Video transcript
Citizen Science at EPA - video transcript

MARK: I found citizen science to be a very good way to get the community involved.

TREVOR: I'd recommend citizen science to anyone who's interested in the environment.

MARK: ...and you get to see firsthand what's happening around your local areas.

DIANA: ...finding out about health of the area.

TREVOR: The habitats, animals just caring for the land itself.

DIANA: Together we've made a really good team.

MARK: My favourite part of the project is being able to get out and about with like-minded people.

Meet some of our citizen scientists

Anthony Alindogan: La Trobe Valley Caring for Waterhole Creek Project

Citizen scientist Anthony Alindogan

Why did you become a citizen scientist? 

I became a citizen scientist because of my interest in the environment. I think monitoring our surroundings and tracking whether things are in check is an important task. The Citizen Science Program gives me an opportunity to contribute to our community. At the same time, I gain new skills and knowledge related to our environment.

How long have you been in the EPA's citizen science program? 

I have been in the Citizen Science Program for almost a year now.

What do you enjoy most about being a citizen scientist?

I do enjoy having the opportunity to learn new skills and knowledge that could help me understand the environment more. I like the hands-on aspect, specifically using the chemical test kits and other gadgets. Trying to make sense of our collected data was also a good experience.

What do you think are the benefits of citizen science? 

Environmental monitoring is a huge task. I think EPA is showing efficiency in trying to engage interested community members to contribute to the work.

Bob Temple: La Trobe Valley Caring for Waterhole Creek project

Citizen scientist Bob Temple

Why did you become a citizen scientist? 

I became interested in citizen science when I retired from working as a chemist. I had worked in both the industrial and environmental science fields.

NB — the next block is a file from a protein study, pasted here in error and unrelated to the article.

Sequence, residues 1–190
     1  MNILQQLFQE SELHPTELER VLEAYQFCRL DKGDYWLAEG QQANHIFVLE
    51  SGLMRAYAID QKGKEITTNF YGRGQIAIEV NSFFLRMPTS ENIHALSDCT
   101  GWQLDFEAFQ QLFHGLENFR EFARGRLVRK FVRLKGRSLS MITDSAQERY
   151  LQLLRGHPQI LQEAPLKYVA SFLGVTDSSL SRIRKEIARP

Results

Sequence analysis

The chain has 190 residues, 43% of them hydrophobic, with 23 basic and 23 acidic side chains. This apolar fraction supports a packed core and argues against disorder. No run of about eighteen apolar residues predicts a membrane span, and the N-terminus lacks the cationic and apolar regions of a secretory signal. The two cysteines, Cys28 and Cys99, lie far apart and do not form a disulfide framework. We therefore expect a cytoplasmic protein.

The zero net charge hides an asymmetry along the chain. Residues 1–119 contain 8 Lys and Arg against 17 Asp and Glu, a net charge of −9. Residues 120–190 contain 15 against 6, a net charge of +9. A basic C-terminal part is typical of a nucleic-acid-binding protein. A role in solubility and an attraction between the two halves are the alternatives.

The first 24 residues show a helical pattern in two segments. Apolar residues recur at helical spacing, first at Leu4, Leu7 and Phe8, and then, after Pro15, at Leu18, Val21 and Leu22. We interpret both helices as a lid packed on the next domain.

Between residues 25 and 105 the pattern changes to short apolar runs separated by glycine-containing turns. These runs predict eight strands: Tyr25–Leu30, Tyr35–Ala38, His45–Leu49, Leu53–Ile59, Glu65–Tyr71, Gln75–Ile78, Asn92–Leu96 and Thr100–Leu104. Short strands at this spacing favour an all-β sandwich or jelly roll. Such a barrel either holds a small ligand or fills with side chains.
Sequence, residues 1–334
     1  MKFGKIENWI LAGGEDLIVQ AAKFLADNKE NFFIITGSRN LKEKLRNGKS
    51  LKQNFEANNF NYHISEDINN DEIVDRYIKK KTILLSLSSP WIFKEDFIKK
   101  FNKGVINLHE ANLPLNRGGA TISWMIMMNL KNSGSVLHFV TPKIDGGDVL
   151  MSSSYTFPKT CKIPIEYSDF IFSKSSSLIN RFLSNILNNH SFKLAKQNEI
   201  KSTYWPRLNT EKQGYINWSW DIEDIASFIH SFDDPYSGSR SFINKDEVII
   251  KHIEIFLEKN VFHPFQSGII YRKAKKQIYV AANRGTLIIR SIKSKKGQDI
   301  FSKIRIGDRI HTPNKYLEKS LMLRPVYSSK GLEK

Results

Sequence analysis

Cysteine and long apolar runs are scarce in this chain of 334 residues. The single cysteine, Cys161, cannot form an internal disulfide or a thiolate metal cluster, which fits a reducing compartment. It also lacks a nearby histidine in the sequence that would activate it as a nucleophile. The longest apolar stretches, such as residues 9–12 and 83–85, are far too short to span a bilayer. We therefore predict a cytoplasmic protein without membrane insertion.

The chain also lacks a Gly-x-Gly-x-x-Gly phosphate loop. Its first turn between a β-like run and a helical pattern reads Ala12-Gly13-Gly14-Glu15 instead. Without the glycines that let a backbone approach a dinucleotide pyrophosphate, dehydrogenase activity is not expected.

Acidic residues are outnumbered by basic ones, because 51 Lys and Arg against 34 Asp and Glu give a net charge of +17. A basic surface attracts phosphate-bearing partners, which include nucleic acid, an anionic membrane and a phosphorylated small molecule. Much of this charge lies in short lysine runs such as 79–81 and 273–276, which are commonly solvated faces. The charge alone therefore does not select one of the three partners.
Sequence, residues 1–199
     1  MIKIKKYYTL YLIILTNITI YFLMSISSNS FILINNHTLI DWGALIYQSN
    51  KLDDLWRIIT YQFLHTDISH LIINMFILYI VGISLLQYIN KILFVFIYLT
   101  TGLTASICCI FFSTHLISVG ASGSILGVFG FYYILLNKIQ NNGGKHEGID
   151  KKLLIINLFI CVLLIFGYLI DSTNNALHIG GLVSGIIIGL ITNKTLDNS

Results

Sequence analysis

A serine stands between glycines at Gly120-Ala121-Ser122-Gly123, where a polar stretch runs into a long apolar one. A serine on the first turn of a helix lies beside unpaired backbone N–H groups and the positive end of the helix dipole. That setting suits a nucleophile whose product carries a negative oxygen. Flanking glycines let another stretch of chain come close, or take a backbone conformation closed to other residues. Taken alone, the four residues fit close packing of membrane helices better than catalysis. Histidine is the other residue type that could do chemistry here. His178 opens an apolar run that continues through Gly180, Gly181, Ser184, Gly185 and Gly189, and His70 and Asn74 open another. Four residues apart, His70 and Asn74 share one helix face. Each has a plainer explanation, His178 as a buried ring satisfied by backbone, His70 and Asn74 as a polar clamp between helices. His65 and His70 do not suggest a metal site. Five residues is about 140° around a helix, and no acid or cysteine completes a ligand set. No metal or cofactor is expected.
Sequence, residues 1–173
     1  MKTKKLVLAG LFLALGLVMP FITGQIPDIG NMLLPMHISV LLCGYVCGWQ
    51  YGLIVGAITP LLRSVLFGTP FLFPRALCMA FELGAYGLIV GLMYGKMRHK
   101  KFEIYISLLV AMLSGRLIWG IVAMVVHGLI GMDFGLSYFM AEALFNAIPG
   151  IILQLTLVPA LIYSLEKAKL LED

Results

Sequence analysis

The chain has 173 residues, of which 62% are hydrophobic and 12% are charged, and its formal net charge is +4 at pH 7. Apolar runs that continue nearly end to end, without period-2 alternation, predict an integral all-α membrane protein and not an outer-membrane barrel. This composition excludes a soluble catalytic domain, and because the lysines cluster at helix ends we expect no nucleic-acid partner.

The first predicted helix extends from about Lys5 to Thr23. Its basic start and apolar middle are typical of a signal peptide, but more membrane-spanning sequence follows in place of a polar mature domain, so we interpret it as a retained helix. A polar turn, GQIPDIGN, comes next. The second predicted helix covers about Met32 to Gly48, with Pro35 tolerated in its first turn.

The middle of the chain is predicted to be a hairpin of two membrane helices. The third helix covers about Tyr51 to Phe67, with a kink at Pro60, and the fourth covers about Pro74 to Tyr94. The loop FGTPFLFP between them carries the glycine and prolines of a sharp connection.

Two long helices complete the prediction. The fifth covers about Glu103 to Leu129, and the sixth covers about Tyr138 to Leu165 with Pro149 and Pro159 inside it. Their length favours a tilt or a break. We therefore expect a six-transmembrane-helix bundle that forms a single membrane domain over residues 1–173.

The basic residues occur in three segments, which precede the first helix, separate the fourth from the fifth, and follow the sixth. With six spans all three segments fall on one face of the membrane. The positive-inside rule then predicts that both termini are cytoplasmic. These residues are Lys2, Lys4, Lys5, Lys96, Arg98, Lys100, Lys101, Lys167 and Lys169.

I have a personal need to share the knowledge I have gained over a long working life. I think I can make a worthwhile contribution by increasing the community's interest in science.

How long have you been in EPA's citizen science program?

I have been in EPA's citizen science program for more than two years. My involvement has covered aspects of air and water science.  

Which projects have you worked on? 

I worked on the La Trobe Valley Caring for Waterhole Creek project. It aimed to gauge the health of the creek.

In an earlier study, I took part in a summer assessment of the Latrobe Valley airshed. We did this by direct observation of air quality, particularly power station emissions and fuel reduction burning.

I also took part in the La Trobe Valley Air Monitoring Co-design project to improve EPA's air monitoring in the Latrobe Valley.  

What do you most enjoy about being a citizen scientist?

I particularly enjoy the opportunity to share knowledge and experience with like-minded members of the community. Regardless of your life stage, we can all play a valuable role in helping to address and solve issues in our communities.

What do you think are the benefits of citizen science?

There is a present dumbing-down of science, particularly in the environmental and climate change area. It's important for EPA and other science-based organisations to do what they can to involve everybody. In a small way, citizen science can play its part in increasing community awareness of environmental problems.

Find out more about our citizen science program

Our citizen science program

About citizen science

Our citizen science projects 

Reviewed 27 August 2020